the art of flavorology . . .
Clubs of America | Jun 04, 2016
Experts in the field of beer and brewing have agreed on more than 120 individual flavor elements that may be detected in any one beer. Flavor specialists who deal with more than just beer have successfully identified literally hundreds more. But for you and me, and the legions of other beer enthusiasts who aren’t experts but who just plain like beer, there are some general ways in which we can describe our impressions.
BALANCE — A sweet beer will have a hoppier bitterness, while light beers will be less hoppy. Light beer that is overly bitter, or sweet beer without a hop “bite,” are not in proper balance. Beers should be rated on the balance between their hop bitterness and malt-sweetness.
MOUTHFEEL — A great word in itself, it describes (you guess it!) how the beer actually feels in your mouth. It’s the sensation the body of the beer leaves – lightness or fullness.
CARBONATION — Take away the bubbles, and you’ve taken away the beer! Beer that’s not 100 percent barley malt can have excessive carbonation, like an explosion of bitter carbolic bite in your mouth. In a highly carbonated brew, as soon as the bubbles go flat, so does the taste. The best you can hope for are small creamy bubbles that gently tingle your mouth.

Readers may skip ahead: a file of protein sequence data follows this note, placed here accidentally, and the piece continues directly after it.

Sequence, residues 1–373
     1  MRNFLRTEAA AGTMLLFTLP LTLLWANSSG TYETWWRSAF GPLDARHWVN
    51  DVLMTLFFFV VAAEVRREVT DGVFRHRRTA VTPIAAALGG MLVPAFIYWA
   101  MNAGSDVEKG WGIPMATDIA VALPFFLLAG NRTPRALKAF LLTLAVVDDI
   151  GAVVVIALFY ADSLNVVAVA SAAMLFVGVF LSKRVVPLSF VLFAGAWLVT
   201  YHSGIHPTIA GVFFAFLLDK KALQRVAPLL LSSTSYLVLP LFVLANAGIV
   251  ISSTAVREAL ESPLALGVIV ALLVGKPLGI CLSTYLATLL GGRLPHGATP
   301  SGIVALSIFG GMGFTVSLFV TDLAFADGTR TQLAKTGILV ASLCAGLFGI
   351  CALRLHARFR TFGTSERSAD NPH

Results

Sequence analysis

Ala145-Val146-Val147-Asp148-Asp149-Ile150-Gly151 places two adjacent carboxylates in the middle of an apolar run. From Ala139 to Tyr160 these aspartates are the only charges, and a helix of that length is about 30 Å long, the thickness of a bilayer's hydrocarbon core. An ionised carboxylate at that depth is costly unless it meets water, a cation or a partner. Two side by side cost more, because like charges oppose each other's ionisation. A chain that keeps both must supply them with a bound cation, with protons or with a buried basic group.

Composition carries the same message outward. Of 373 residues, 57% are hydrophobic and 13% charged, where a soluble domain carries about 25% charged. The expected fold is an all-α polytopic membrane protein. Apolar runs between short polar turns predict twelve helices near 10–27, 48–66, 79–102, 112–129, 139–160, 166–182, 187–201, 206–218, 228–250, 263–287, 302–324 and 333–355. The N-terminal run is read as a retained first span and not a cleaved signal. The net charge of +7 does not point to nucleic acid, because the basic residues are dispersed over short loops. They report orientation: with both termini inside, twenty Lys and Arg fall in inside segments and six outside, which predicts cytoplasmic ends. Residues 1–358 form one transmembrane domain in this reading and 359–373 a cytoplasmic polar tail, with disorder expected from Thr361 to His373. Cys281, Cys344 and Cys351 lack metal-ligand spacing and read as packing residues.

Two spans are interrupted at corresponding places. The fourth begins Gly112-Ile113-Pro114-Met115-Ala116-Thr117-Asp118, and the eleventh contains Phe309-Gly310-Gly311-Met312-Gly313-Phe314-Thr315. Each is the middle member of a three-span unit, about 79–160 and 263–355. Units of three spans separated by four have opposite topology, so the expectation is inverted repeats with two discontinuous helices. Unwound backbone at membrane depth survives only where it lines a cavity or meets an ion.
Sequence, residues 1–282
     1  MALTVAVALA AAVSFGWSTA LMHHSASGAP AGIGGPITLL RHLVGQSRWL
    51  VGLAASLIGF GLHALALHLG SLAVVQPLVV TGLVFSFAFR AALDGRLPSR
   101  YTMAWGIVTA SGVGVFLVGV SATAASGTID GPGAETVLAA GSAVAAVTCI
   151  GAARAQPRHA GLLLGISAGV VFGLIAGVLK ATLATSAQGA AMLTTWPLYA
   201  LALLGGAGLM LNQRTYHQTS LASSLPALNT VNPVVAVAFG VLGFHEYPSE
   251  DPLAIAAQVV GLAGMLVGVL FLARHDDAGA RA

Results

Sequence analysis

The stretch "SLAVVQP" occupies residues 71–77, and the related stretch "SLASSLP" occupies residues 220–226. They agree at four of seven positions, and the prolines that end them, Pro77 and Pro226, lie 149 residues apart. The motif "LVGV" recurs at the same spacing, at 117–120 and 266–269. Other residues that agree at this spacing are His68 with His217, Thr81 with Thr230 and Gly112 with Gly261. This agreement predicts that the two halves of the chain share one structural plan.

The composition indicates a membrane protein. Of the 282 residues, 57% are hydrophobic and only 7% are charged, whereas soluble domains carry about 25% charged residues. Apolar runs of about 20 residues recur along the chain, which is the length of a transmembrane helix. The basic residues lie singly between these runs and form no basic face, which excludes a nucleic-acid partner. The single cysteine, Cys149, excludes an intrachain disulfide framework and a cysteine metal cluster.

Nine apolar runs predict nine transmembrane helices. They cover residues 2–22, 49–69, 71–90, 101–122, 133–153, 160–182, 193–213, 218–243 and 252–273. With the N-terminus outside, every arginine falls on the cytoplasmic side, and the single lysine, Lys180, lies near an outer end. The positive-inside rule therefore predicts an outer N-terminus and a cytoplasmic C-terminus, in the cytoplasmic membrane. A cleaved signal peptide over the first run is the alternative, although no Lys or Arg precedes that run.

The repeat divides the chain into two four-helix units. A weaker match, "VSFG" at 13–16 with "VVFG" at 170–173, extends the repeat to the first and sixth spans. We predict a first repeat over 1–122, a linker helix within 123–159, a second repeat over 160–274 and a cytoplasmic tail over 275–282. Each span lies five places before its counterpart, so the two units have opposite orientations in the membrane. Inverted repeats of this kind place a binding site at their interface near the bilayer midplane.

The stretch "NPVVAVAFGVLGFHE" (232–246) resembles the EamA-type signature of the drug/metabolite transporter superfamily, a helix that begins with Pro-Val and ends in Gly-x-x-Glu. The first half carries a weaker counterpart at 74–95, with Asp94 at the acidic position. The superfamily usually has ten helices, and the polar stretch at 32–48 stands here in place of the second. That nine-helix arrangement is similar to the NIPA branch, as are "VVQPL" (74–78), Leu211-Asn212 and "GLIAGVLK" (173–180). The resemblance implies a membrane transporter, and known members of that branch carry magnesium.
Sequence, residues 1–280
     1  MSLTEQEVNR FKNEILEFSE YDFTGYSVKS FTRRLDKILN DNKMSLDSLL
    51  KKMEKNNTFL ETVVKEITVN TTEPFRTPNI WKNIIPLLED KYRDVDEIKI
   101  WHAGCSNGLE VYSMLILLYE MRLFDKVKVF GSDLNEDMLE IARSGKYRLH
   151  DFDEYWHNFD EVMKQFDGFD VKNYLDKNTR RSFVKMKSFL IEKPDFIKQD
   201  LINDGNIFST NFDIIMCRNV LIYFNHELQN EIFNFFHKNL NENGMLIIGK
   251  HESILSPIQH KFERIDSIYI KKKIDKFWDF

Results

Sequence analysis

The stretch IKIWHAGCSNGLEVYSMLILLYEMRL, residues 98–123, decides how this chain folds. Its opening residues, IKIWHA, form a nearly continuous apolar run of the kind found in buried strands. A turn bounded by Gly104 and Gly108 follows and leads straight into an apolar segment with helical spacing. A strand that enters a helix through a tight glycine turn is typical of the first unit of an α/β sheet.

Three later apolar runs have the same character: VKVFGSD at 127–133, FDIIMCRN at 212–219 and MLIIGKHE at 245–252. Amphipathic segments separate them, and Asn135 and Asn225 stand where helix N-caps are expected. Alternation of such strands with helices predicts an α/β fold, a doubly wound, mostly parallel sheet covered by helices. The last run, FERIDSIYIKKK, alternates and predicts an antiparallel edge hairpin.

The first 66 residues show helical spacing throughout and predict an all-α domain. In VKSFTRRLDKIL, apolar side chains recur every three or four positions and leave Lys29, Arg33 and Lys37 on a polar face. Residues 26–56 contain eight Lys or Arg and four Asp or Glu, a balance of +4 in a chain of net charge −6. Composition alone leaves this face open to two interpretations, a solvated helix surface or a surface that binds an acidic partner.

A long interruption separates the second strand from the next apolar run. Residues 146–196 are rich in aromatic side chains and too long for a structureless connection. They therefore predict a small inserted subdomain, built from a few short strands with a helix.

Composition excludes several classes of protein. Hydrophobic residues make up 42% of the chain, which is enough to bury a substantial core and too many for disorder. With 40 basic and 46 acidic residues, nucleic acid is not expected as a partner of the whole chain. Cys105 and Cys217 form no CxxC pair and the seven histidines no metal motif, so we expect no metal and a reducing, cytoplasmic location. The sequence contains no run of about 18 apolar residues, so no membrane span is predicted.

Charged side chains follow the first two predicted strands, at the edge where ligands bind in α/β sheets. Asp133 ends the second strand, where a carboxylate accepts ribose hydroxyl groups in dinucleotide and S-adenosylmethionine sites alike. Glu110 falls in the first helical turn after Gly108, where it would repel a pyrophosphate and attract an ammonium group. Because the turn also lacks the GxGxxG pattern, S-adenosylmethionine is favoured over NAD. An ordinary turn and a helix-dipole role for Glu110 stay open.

AFTERTASTE — If you feel the urge to spit after drinking a beer, that’s a very strong indication that the aftertaste is way too strong! A great beer with a bitter aftertaste is no bargain. The aftertaste should leave you wanting to take another drink.
OVERALL IMPRESSION — Did you enjoy it for its flavor, or just for its alcoholic content? Would you drink that beer again? Do you want another right now? (Your favorite Beer of the Month Club features beers that make great impressions! Of course you want another right now!!)
ASK MR. BEERHEAD: DANIEL BRIESON OF DOVER, MASSACHUSETTS ASKS: “Temperature control of beer during maturation is vital. What did they do in ‘the old days’ before refrigeration?”
Samuel Whitbread, a leader in the field of brewing porter in Britain back in 1742, was at the forefront of just that . . . controlling the temperature while the beer matured. He invested in the new technologies becoming available at that time, including steam engines, mechanical pumps, power rakes for stirring the mash and thermometers. He stored his porter in vast underground cisterns, the largest could hold 3,800 barrels! The cisterns were cooled by internal pipes through which cold water was pumped, keeping the brew cool during the hottest of summer conditions.